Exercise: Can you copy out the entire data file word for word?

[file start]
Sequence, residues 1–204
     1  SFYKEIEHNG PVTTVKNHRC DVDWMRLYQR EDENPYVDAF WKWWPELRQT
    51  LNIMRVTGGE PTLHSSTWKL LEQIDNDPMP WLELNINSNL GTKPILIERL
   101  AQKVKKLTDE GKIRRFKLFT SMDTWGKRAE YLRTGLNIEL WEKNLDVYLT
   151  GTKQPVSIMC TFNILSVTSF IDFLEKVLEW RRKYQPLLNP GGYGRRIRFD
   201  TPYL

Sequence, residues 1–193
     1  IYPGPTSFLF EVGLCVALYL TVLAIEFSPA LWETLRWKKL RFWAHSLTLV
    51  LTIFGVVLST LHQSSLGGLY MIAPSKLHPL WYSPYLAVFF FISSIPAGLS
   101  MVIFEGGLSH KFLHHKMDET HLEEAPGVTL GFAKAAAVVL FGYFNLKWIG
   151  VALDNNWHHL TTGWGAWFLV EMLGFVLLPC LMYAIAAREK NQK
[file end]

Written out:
Sequence, residues 1–204
     1  SFYKEIEHNG PVTTVKNHRC DVDWMRLYQR EDENPYVDAF WKWWPELRQT
    51  LNIMRVTGGE PTLHSSTWKL LEQIDNDPMP WLELNINSNL GTKPILIERL
   101  AQKVKKLTDE GKIRRFKLFT SMDTWGKRAE YLRTGLNIEL WEKNLDVYLT
   151  GTKQPVSIMC TFNILSVTSF IDFLEKVLEW RRKYQPLLNP GGYGRRIRFD
   201  TPYL

Sequence, residues 1–193
     1  IYPGPTSFLF EVGLCVALYL TVLAIEFSPA LWETLRWKKL RFWAHSLTLV
    51  LTIFGVVLST LHQSSLGGLY MIAPSKLHPL WYSPYLAVFF FISSIPAGLS
   101  MVIFEGGLSH KFLHHKMDET HLEEAPGVTL GFAKAAAVVL FGYFNLKWIG
   151  VALDNNWHHL TTGWGAWFLV EMLGFVLLPC LMYAIAAREK NQK